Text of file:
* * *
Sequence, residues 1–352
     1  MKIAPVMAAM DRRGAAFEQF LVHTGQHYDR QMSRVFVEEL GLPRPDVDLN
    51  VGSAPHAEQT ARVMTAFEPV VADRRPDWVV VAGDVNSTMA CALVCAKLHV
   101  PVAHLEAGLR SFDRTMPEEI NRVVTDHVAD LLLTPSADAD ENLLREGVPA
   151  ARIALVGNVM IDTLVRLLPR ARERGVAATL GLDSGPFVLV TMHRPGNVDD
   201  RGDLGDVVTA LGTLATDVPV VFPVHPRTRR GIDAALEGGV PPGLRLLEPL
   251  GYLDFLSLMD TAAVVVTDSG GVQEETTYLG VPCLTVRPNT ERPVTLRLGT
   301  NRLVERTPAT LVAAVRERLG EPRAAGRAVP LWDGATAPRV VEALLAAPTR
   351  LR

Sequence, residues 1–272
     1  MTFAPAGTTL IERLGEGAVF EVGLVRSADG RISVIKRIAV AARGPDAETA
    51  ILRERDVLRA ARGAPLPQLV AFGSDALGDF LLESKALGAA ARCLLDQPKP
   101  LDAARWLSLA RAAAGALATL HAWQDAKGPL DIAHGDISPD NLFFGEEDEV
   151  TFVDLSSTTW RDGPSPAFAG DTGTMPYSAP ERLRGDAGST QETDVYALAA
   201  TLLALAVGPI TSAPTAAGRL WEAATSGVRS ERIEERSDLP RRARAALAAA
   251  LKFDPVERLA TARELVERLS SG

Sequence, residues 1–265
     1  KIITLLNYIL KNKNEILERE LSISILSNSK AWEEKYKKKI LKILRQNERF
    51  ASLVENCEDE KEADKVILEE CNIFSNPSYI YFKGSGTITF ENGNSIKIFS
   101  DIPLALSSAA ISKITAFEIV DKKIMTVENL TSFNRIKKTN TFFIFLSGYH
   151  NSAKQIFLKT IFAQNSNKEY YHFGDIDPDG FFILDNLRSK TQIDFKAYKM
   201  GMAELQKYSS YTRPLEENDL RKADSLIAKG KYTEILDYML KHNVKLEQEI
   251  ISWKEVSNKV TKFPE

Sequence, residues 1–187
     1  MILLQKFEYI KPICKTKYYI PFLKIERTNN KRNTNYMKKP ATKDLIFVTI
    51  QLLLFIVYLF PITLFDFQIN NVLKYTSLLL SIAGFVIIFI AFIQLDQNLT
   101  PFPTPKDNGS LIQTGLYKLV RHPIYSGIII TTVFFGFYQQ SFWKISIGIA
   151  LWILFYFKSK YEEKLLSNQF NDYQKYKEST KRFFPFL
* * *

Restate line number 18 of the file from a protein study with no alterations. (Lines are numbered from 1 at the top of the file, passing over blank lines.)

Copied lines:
     1  KIITLLNYIL KNKNEILERE LSISILSNSK AWEEKYKKKI LKILRQNERF